The benefits of walking barefoot

I hate walking barefoot. Unless I’m walking on a beach devoid of litter.

The thought of having dirty feet (worse if it also stinks) simply puts me off. I cannot understand why some of my colleagues love to remove their shoes in the office and walk around barefoot on the filthy carpet!

As children, my brothers would run in the garden barefoot, but I would refuse to step out unless I had shoes on.

My university mates used to poke fun at me because I’d be washing my feet before putting on socks and shoes, and after every dance class that didn’t require footwear.

Call it what you will, but it’s just one of my idiosyncrasies.

But I DO know that walking barefoot, especially on grass, is good for you. I just haven’t gotten around to doing it yet.

Modern living and the invention of footwear with insulating rubber- or plastic-soled shoes, instead of the traditional leather fashioned from hides, has resulted in us losing our connection with nature.

Lately though, more people are spending time walking barefoot on the grass in a method known as earthing or grounding. I’ve been noticing this in parks that I frequent.

This method, probably practised by our forefathers, refers to contact with the earth’s surface electrons by walking barefoot outside.

It can also refer to sitting, working or sleeping indoors, connected to conductive systems – some of them patented – that transfer the energy from the ground into the body.

Apparently, by having direct contact with the soil, our bodies are able to absorb negative electrons through the earth, which has its own natural charge.

It helps stabilise our daily cortisol rhythm and create a balanced internal bioelectrical environment.

Emerging scientific research supports the concept that the earth’s electrons induce multiple physiological changes of clinical significance, including reduced pain, better sleep, a shift from sympathetic to parasympathetic tone in the autonomic nervous system, and a blood-thinning effect.

The research, along with many anecdotal reports, is revealed by Clinton Ober in his 2010 book called Earthing.

Ober, a retired cable television executive, conducted some experiments and found a similarity between the human body (a bioelectrical, signal-transmitting organism) and the cable used to transmit cable television signals.

When cables are “grounded” to the earth, interference is virtually eliminated from the signal. We know that all electrical systems are stabilised by grounding them to the earth.

At the same time, two Polish researchers also carried out studies and discovered that grounding the human body represents a “universal regulating factor in nature” that strongly influences bioelectrical, bioenergetic and biochemical processes, and appears to offer a significant modulating effect on chronic illnesses.

In a 2012 study published in the Journal of Environment and Public Health, the authors write, “There is a possibility about the earth’s surface electrons as an untapped health resource – the earth as a ‘global treatment table’.

“Emerging evidence shows that contact with the earth – whether being outside barefoot or indoors connected to grounded conductive systems, may be a simple, natural, and yet profoundly effective environmental strategy against chronic stress, inflammation, pain, poor sleep, hypercoagulable blood, and many common health disorders, including cardiovascular disease.”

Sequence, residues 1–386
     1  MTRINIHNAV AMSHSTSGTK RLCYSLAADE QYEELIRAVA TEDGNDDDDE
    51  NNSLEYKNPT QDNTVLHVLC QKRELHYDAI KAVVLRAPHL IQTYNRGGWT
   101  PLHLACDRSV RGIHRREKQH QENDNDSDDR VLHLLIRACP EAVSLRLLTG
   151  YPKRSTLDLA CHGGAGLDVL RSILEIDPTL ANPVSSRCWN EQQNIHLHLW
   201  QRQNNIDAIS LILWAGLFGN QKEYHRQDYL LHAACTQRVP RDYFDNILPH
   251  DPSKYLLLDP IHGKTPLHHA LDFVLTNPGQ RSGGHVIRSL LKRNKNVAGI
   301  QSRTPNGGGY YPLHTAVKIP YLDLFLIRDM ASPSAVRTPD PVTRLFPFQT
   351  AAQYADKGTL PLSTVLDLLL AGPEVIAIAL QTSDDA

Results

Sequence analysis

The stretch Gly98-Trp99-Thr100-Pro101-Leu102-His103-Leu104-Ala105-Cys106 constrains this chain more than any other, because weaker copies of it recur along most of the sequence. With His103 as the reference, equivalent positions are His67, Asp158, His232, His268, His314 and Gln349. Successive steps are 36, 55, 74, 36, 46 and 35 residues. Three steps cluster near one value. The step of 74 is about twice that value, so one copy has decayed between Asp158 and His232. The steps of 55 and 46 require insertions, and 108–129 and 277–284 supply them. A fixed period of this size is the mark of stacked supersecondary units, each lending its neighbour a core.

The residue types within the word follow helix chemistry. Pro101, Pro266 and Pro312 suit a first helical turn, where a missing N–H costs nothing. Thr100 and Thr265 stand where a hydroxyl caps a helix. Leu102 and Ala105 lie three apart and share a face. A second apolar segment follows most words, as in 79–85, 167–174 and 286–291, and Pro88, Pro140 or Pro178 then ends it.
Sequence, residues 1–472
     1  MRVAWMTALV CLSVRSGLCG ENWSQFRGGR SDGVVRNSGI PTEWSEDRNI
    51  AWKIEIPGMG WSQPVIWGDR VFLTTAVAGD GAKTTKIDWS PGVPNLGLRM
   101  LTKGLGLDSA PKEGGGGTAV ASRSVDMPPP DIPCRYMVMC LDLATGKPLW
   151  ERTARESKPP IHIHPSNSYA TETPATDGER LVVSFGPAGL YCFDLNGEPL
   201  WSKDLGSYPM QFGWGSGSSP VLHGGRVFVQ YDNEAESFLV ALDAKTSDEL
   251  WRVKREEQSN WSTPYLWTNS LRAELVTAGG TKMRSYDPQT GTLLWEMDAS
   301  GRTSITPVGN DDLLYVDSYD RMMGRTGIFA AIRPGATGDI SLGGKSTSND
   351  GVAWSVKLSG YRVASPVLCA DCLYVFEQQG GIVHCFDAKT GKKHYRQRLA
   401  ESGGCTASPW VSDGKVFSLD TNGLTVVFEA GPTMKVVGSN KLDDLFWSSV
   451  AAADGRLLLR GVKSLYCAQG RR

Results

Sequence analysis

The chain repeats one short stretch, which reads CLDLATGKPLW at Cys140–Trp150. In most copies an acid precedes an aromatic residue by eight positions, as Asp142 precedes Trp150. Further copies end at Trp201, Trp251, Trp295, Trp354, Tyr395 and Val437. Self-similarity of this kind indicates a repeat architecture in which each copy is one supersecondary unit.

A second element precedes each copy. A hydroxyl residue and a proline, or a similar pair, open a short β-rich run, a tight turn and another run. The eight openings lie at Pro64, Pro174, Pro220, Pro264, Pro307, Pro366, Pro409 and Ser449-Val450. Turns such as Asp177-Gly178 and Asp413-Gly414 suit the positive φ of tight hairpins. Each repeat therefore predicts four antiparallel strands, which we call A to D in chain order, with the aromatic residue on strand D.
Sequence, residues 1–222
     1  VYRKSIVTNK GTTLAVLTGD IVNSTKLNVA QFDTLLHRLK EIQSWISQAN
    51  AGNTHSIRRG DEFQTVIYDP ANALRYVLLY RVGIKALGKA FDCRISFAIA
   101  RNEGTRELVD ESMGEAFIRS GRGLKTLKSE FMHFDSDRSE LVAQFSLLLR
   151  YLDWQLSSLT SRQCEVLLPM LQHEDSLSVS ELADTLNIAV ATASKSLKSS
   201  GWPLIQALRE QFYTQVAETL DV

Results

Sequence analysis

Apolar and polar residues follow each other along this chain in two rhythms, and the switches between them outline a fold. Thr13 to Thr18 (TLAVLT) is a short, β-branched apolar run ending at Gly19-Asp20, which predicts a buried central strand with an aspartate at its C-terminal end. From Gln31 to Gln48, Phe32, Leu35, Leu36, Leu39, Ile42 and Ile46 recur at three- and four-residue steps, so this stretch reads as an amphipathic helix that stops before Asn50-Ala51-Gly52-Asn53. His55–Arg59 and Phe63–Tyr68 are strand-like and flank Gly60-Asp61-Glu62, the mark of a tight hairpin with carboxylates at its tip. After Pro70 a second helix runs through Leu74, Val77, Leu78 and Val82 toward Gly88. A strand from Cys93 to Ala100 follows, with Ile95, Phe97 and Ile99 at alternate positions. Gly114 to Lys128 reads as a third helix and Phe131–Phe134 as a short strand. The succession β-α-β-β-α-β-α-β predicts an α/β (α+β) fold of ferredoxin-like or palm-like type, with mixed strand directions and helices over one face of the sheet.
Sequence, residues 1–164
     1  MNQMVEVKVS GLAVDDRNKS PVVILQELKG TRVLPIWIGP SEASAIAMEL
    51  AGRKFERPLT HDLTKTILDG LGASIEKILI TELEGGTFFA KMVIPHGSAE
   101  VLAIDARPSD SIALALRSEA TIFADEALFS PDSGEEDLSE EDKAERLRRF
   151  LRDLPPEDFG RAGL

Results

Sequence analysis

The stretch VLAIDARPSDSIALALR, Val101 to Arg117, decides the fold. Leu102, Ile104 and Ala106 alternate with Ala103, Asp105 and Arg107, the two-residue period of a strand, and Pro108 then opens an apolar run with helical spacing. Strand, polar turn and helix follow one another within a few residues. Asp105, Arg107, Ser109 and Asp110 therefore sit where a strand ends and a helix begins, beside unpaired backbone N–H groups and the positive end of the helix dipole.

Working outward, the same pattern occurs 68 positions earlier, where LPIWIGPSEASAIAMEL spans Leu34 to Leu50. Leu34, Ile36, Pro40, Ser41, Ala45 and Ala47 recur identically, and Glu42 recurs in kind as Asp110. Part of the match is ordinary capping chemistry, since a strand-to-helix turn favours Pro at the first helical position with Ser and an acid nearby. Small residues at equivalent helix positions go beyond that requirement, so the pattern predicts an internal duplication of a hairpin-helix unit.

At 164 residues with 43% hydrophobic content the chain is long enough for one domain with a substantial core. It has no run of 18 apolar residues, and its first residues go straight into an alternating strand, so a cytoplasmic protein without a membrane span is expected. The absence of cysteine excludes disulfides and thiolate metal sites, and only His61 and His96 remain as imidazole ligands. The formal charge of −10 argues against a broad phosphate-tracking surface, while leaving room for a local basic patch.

Another investigation, published in The Journal of Alternative and Complementary Medicine, found that earthing increases the surface charge of red blood cells. As a result, the cells avoid clumping, which decreases blood viscosity.

High viscosity is a significant factor in heart disease, which is why so many people take blood-thinning drugs daily to improve their heart health.

If you recall, just last month, Indian prime minister Narendra Modi shared a video about his morning fitness regime.

A yoga enthusiast, he gave a glimpse of his customised circular, walking track consisting of the five elements of nature.

He walks barefoot on gravel, and then moves on to walk on wet soil, a pool of shallow water, then sand. He concludes by walking on patches of lush green grass.

Modi, 67, attributes daily barefoot walking and yoga to his good health.

Walking also aids in physical and emotional rhythms. Unlike high impact running, walking is gentle, nourishing, gives us space, and yes, is preferred by the older generation.

As we walk, our breathing starts to synchronise with our motion, leading to a sense of expansion and freedom. By doing so barefoot, the benefits are increased. And it’s free!

Ideally, we should spend at least 15 minutes a day grounded, whatever time of the day. Just be careful of what’s on the ground that you’re walking on.

So today, I’m going to attempt walking barefoot in my garden. Of course, I’ll be scrubbing my foot hard with an antiseptic wash afterwards, but it’ll be worth it.

Revathi Murugappan is a certified fitness trainer who tries to battle gravity and continues to dance to express herself artistically and nourish her soul. The information provided is for educational and communication purposes only and it should not be construed as personal medical advice. Information published in this article is not intended to replace, supplant or augment a consultation with a health professional regarding the reader’s own medical care. The Star disclaims all responsibility for any losses, damage to property or personal injury suffered directly or indirectly from reliance on such information.
Source:-The Star

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